That running is bad for the knees is perhaps the biggest myth keeping Indians off the streets and parks, or, at best, getting them to walk rather than run. Given our increasingly sedentary lives behind computers, with home delivery, indoor games, fast foods and fad diets, research has comprehensively proven that running is, in fact, one of the most important activities in our daily life.
A team of researchers from the department of immunology and rheumatology at Stanford University in southern California recently reported in the Arthritis Research and Therapy journal that adults who run consistently have 25% less musculoskeletal pain and arthritis than non-runners when they get older. Bonnie Bruce, the study author, followed more than 500 runners from a local club (called “ever runners” in the study) and 300 inactive people (“never runners”, but not necessarily sedentary) in their 50s and 60s for 14 years. Dr Bruce and her colleagues found that the “ever runners”, who ran at least six hours a week on average, experienced less joint pain by their 60s and 70s and only 35% of the joggers got arthritis (compared with 43% of non-runners).
Angela Smith, assistant professor of orthopaedics at Case Western Reserve University School of Medicine, Cleveland, was quoted on Bodyandfitness.com: “There is no evidence to prove that running is bad for joints. But, if you already have an injury, running may aggravate it.” S.K.S. Marya, director, orthopaedics, Institute of Joint Surgery, Max Health Care, New Delhi, says: “It is unclear if long-distance running causes the hip and knee joints to deteriorate. The current evidence suggests that a moderate level of running does not increase the risk of osteoarthritis of hip and knee for healthy people. In fact, there is evidence to suggest that it might even have some protective effect on the joints. Increased muscle strength and constant motion preserves the biomechanics of the joint.” When asked how running affects the musculoskeletal system, Dr Marya says: “Running increases the mineral density of bones and reduces the risk of osteoporosis with age. It has been found that the average bone mineral density in the thigh is 5% higher in runners than their non-running companions, and 8% higher than those who do not exercise at all, making them less susceptible to fracture following trivial falls. Running builds and strengthens muscle tissue, especially in the lower limbs. Increased muscle strength also provides a protective cover to the joints. Some of the causative or aggravating factors for running associative injuries are over-training errors, inadequate flexibility and strength, inappropriate footwear and poor biomechanics.”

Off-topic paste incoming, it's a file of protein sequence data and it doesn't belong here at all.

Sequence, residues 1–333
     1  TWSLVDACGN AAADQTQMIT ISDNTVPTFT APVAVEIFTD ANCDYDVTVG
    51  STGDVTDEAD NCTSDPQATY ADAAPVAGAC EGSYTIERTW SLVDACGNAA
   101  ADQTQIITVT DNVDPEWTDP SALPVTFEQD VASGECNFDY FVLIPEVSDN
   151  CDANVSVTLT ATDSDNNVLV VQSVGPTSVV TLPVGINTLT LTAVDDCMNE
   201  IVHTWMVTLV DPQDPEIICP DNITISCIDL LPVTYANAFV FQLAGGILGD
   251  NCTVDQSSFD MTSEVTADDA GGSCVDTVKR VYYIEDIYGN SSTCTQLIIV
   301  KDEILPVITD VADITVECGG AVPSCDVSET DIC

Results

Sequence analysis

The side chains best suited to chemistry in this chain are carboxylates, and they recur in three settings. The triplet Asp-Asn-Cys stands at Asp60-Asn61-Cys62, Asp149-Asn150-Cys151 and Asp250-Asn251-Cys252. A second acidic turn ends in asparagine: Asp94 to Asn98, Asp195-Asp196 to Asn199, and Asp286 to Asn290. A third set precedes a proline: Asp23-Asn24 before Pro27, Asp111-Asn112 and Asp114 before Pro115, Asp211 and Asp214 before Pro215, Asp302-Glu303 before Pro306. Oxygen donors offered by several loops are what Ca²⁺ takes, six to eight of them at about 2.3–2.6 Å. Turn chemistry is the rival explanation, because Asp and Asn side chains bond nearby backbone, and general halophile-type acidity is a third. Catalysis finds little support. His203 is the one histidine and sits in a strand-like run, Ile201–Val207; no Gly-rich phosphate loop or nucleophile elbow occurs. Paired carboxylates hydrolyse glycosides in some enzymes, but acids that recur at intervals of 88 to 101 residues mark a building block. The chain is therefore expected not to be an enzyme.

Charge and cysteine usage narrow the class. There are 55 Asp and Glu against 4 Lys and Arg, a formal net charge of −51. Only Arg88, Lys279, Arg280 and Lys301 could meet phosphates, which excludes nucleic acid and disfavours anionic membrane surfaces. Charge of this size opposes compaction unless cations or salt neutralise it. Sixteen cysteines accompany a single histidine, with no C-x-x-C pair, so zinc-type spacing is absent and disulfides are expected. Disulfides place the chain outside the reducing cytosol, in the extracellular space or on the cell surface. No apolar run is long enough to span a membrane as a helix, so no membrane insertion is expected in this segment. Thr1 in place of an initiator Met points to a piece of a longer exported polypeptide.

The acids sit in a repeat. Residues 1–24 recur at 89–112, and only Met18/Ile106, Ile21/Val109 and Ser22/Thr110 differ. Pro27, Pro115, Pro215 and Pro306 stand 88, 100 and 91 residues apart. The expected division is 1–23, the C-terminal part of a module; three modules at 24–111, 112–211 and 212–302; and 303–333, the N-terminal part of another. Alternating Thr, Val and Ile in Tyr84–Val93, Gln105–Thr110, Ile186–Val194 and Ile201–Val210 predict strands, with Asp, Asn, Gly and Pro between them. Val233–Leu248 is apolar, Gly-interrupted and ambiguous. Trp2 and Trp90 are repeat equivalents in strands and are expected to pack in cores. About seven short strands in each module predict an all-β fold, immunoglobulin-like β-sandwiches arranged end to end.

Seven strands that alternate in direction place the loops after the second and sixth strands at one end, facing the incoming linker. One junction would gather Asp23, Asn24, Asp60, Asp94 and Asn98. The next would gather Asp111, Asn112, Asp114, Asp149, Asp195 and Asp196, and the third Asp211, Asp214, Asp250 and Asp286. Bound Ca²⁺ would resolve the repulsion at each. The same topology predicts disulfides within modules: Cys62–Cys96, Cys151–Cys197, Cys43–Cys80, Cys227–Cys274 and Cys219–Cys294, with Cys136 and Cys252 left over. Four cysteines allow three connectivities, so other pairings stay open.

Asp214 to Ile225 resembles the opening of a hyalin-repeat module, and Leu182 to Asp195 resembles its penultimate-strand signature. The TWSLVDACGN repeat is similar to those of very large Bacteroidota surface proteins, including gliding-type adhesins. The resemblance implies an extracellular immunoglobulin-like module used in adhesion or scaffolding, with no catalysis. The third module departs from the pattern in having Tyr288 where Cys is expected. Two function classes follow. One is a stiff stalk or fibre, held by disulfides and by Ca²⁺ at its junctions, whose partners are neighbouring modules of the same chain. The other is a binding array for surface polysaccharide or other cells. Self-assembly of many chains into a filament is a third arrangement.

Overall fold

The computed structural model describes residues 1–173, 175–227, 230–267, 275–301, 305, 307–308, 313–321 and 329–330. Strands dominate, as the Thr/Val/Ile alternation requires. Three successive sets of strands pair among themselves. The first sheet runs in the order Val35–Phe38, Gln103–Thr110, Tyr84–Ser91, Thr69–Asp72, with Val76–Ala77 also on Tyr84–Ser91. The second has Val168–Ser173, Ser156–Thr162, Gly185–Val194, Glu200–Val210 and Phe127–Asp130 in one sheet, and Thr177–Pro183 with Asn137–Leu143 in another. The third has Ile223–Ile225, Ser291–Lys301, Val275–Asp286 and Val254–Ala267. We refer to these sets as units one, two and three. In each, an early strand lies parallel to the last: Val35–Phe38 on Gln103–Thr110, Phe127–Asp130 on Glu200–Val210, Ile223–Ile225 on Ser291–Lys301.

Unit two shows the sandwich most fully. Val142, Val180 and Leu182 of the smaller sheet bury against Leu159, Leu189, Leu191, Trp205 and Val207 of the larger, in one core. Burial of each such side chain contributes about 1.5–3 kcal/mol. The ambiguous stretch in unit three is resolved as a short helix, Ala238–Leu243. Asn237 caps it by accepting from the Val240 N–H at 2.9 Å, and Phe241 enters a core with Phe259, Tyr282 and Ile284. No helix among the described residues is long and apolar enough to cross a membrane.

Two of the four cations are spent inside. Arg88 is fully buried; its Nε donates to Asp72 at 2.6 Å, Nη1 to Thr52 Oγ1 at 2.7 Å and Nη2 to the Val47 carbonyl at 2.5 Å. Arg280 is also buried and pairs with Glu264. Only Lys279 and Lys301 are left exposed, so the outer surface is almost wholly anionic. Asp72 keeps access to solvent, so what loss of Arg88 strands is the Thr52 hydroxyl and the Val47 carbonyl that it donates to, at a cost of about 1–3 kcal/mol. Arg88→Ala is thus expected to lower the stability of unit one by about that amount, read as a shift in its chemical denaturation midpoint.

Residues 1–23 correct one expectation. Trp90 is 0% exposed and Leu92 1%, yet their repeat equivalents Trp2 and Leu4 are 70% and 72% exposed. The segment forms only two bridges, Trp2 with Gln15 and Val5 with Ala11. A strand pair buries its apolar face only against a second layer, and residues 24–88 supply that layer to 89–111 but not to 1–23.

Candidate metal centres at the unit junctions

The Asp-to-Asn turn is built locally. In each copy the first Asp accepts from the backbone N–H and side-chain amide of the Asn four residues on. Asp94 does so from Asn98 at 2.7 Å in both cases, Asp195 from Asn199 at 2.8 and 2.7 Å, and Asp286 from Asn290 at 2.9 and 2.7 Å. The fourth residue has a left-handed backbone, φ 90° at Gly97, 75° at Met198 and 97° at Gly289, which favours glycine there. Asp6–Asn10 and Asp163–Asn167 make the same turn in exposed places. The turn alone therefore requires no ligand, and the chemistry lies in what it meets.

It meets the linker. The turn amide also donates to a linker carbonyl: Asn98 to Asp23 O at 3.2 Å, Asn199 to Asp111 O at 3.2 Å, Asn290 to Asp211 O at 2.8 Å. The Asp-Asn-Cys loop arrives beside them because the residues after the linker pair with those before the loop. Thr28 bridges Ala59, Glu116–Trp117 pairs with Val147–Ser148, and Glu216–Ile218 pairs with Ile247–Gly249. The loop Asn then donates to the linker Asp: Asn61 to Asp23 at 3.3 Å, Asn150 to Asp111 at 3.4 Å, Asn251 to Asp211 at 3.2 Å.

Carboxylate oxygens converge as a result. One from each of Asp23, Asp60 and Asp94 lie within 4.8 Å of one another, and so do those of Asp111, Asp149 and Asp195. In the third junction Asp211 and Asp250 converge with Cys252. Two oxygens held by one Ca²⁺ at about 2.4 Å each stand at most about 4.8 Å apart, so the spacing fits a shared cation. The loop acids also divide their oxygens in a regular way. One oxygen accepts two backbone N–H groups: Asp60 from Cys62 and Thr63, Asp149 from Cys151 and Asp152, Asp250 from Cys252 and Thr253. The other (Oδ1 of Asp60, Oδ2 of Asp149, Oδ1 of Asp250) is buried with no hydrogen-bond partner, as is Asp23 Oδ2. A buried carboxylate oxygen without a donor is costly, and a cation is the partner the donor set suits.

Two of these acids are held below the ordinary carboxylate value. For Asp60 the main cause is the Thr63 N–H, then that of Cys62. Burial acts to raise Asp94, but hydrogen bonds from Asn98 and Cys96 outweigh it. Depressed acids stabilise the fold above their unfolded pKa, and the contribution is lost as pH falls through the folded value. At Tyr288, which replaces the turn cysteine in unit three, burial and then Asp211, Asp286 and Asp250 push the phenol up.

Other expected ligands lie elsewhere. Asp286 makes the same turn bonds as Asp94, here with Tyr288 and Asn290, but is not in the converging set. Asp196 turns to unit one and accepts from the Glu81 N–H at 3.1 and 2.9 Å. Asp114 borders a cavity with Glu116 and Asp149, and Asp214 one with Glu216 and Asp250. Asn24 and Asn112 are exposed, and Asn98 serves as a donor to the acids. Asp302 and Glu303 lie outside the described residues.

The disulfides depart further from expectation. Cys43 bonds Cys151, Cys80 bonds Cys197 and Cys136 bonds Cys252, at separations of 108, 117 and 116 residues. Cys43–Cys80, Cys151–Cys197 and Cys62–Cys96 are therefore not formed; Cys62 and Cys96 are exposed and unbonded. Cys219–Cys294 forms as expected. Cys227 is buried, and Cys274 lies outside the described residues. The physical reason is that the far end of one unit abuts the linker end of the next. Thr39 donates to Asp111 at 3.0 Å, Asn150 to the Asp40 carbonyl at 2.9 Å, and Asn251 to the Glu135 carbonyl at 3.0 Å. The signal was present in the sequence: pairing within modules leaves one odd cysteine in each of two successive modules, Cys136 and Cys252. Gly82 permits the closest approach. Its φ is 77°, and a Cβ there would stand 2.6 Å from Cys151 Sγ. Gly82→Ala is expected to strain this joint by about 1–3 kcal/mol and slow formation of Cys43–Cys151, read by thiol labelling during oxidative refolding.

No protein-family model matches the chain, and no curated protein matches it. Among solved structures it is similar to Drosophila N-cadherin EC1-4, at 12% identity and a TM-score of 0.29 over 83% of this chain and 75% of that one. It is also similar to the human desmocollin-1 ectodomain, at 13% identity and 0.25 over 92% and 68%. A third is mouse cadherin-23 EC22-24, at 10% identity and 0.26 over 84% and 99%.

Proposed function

It seems like a no-brainer. A recently concluded study in the UK found that running and other moderate activities, which included impact, rather than walking, should be recommended to the general public.
A critical area to focus on is to get an appropriate running shoe for the feet—depending on whether you are flat-footed, high-arched, or neutral-arched. Very often, inappropriate running shoes cause foot pain, which gradually tends to creep up the skeletal system to the ankles, then knees, hips and eventually the lower back. It is important to be aware of these basics and enjoy a healthier life.
This is an often ignored area and you must
• Get proper running shoes
• Replace them post 500-600km of use
• Keep at least two pairs and use them alternately
• Ease into a running regimen gradually. Check out a schedule for walkers to insert some running into their walks, at www.runningandliving.com/Getting_Started.html
• Don’t overdo things in your enthusiasm. Build up mileage 10% a week
You can definitely remain injury-free. I am 47, and I started running 1km at a time at 40. Since then, I have run 23 marathons, and have remained injury-free despite being flat-footed. I never stretch myself, and can run a marathon at a week’s notice.
Common lower leg injuries related to running
• Shin splints: It causes pain and tenderness along the shinbone. Running is one of the most common causes. Repetitive activity leads to inflammation of the lining of the shinbone and sometimes the muscles in the front of the shin, as well.
• Achilles tendonitis: A condition caused by overuse, here the Achilles tendon at the back of the lower leg attaches the calf muscles to the heel bone. Sometimes, runners increase their weekly mileage too quickly, or suddenly add hill training into the schedule. Such wrong practices can cause Achilles tendonitis.
• Plantar fasciitis: This is another overuse injury which affects the sole of the foot. In this condition, the heel pains after a running schedule.
• Stress fracture: It is most common in the shins. Take calcium supplements.
Runners affected by any of these should decrease weekly mileage, cross-train with other types of cardiovascular exercise, stretch the affected area, and consider use of anti-inflammatory medication. Treatment includes “RICE” (rest, ice, compression and elevation).
Rahul S. Verghese is a management consultant and founder of runningandliving.com
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